Ngcobo massacre witness ‘cried and prayed’
She and others were locked inside a bakkie until colleague opened it
“We cried and prayed for a very long time.”
This was the testimony of Sergeant Pumla Limane who told Mthatha high court judge Robert Griffiths how she and other police officials were locked inside the back of a police bakkie by the armed men who invaded the Ngcobo station and shot their colleagues.
Five members of the Mancoba Angels cult – Andani Monco, Siphosomzi Tshefu, Kwanele Ndlwane, and Siphesihle Tatsi and Phumzile Mhlatywa – face charges of murdering five police officers.
They have pleaded not guilty and are representing themselves.
Benjamin Mancoba, one of the seven Mancoba brothers, and leaders of the Angels Ministry church, were in the gallery along with the families of the five accused, who listened attentively.
Limane gave her version of what happened on February 20 2018.
She told the court she had just clocked in for duty and was sitting on a chair in the community service centre when the shooting started.
“A man wearing a balaclava entered. There were gunshots. Another followed and they all entered in a line,” she testified.
She jumped towards the counter and ran from the centre. “My intention was to run outside but I thought the building would be surrounded.”
She ran into Constable Sinazo Mtyeku at the door.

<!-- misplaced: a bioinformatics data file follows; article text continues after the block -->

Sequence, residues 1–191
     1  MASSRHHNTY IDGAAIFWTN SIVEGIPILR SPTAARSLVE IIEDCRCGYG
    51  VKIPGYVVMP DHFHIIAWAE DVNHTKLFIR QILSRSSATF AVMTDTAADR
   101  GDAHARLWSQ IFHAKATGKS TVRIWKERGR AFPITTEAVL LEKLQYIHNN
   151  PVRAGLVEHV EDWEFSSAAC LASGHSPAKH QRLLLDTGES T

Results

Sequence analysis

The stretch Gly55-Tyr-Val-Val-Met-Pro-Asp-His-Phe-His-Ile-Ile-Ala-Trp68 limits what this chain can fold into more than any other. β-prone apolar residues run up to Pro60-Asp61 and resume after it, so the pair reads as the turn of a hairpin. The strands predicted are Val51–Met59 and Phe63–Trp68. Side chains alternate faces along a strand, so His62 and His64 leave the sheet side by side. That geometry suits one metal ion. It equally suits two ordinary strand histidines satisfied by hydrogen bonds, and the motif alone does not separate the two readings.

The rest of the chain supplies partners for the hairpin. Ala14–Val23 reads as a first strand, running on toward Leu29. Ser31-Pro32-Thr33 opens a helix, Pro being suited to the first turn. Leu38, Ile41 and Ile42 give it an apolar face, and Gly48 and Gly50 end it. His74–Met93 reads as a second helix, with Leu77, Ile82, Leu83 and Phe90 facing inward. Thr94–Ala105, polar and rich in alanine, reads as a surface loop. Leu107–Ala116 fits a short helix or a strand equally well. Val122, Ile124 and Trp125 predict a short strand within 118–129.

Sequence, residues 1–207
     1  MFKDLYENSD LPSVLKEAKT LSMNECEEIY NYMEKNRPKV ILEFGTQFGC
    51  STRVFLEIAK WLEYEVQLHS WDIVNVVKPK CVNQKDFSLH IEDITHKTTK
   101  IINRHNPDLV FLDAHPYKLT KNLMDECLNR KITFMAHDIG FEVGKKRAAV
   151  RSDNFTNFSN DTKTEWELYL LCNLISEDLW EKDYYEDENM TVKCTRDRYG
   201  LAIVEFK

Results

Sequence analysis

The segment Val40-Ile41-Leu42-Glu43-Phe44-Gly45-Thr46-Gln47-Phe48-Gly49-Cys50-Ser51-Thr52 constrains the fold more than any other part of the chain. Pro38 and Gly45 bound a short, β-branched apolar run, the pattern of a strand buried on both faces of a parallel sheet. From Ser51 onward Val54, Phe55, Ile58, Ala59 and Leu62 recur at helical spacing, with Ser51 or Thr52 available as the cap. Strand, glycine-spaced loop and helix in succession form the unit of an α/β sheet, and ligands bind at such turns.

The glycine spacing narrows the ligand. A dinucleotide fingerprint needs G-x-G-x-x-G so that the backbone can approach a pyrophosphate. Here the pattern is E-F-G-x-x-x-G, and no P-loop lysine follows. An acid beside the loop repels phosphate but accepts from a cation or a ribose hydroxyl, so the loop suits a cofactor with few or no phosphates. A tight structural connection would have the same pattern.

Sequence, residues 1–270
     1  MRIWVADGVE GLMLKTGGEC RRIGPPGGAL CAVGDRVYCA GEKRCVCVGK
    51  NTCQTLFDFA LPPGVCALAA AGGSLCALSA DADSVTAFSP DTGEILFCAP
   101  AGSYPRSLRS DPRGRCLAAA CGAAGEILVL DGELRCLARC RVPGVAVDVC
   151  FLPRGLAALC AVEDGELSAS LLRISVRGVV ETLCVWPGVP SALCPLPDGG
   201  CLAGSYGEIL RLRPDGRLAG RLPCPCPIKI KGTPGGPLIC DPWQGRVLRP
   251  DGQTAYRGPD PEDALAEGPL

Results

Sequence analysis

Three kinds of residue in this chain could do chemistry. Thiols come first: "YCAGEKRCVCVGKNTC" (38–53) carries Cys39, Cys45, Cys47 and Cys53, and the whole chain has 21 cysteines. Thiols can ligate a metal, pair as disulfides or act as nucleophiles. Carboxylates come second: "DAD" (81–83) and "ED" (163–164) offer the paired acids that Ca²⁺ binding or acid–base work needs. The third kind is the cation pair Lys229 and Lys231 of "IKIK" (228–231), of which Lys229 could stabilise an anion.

“I told her that we were under attack. We hid under the desk in the office.”
An attacker found them and forced them to open the safe where the firearms were kept.
He fired gunshots at random intervals.
Her pistol was taken.
The gunmen told her and others to leave and go to the bakkie at the entrance.
She and other officers were locked inside the bakkie.
“We were crying and praying for about 30 minutes. Ngqambiya [a patrol officer] opened for us. He asked us to take him to the hospital as he had been shot. He told us Sandlana [Constable Sibongiseni] had been shot and was dead.”
They went to the parking lot and tried to escape, but gunshots rang out again.
Limane said she slipped and fell into a trench and Vuyelwa Memani, a police data typist, fell on top of her. “I told her not to cry; we would lie there until the sun came up if needs be.”
After a long time she heard her name being called by colleagues.
“It was 3.05am. We were taken to hospital where we were treated for shock.”
The state prosecutor asked Limane if she knew how Constables Kuhle Mateta and Zuko Ntsheku had died that day.
“I don’t know,” she replied.
During cross-examination the five accused got up one after the other and said they had no questions for the state witness.
Phumzile Mhlatywa, 47, said he had no questions because he had not heard anything implicating him.
State witness Constable Sinazo Mtyeku testified how she tripped as she tried to jump over the body of the late Constable Nkosiphendule Pongco.
“One man kicked me in the buttocks,” she said.
When she and four other officials were loaded into the bakkie, she believed they would have been driven away and dumped somewhere.
When she was released, she and the others with her ran for cover. One colleague called for help.
“Constable Lusithi arrived and we went to his car. We heard gunshots.
“We ran towards the station and Lusithi opened a hole in the fence and we went through it. We hid in trees in a yard where Constable Nyikisa lived. ”
Another officer came and took an injured officer to hospital.
The accused all stood up and said they had no questions for the witness. The trial continues.
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